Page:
Attempts to reach Clarkson and Valade directly were not successful. Woodford said individual officers are not compelled to speak to the media because he is the spokesperson.

Questions also remain about how Clarkson’s subpoena was twice sent to the wrong detachment. Lowry, who served with the Toronto police’s traffic division for six years, questions why Valade did not follow-up after the first missed court date; if it had been him, he would have found the absentee officer and asked why he wasn’t there, Lowry said.

But Woodford said it sounded as though Valade had followed the proper process. Once the subpoenas are served, the attendance of the witnesses is the responsibility of the Crown.

It’s also difficult for officers to know the locations of other officers, Woodford added.

“Valade probably wouldn’t even have known that since he had retired,” he said. “All we can do is try and serve the person, just like we do with civilians, and a lot of times we can’t.”


Fed up and wanting to be compensated, Lowry has hired Toronto lawyer Barry Swadron and begun the process of suing the Crown for damages.

Last week, Swadron gave the required 60 days notice in a statement of claim, alleging abuse of power and process, misfeasance in public office, negligent infliction of mental anguish, and more.

“In the course of his involvement as a responsible citizen in (the accident’s) aftermath, (Lowry) has been dealt with by officers of the Crown in a summary, dismissive and abusive manner,” Swadron writes in the claim.

In a separate statement to the Star, Swadron said he worries about the precedent set by failing to compensate Lowry. If witnesses whom the courts rely upon to support the prosecution of offenders are not paid back expenses, there will be a major deterrent to come forward with information, Swadron said.

He is particularly concerned about incidents that occur on highways, where there is a higher likelihood witnesses would be from out of town and thus have to travel.

A system that will not, at the very least, reimburse civilian witnesses for their travel expenses will surely undermine the administration of justice and foster disrespect for the rule of law.

“Would-be Good Samaritans will avoid being good. People witnessing emergencies will be reluctant to call 911. Victims will be further victimized. The innocent will suffer,” he writes.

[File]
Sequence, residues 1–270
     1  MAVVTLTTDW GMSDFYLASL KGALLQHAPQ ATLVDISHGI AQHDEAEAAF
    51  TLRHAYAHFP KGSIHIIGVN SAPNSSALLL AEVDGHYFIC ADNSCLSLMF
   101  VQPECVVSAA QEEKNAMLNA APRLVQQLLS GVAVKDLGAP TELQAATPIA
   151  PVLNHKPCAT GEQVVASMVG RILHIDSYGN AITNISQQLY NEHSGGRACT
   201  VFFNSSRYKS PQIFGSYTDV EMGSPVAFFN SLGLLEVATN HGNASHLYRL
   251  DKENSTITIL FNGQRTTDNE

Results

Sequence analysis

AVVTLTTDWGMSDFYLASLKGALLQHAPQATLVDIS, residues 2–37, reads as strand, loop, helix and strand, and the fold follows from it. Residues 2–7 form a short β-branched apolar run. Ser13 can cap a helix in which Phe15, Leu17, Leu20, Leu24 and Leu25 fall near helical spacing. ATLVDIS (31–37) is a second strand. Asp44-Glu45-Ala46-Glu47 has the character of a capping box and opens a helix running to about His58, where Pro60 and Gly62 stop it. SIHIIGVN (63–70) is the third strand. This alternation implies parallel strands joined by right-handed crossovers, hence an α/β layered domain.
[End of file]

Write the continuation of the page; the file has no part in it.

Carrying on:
Sgt. Al Walker in the OPP court office said the Lowry case was brought to the Crown, who then made the decision not to subpoena him at his Ottawa address.

“The Crown would not authorize to pay (Lowry) to come from Ottawa, and he got a subpoena to his address in Toronto where he lives,  he’s just going to school in Ottawa,” Walker said.

Brendan Crawley, the Ministry of the Attorney General spokesperson, said that in general out-of-town Crown witnesses are entitled to payment of approved costs for travel and accommodation, as stated in Ontario’s Administration of Justice Act.

He could not comment on what occurred in Lowry’s case because it is before the courts.

Due to the three needless court dates, the Justice of the Peace has ordered that the Crown must proceed with the case at the next date, Aug. 7.

Though that may sound like good news for Lowry, it could also mean the case will be thrown out if the OPP officers do not attend.

That would be a shame, Lowry said, particularly given the effort the provincial government has made to eradicate incidences of flying tires which included the introduction of stiff new regulations in 1997.

The charge in this case, operating an unsafe vehicle, is not the specific truck wheel-off law that came into effect in that year which is a provision that has decreased the number of reported truck wheel separations from 215 in 1997 to 97 in 2012.

But Lowry still worries about the message that will be sent if the case gets tossed.

“They made a big cry about the truck tires,” he said. “But yet when incidents happen, are they properly funding the system?”


What happened to Lowry shouldn’t have happened at all. It was simply a series of events that can be directly attributed to the stupidity of the Ontario Provincial Police. It was unfortunate that Lowry’s car was damaged but it is even more unfortunate that his belief in the intelligence of the OPP was even more damaged.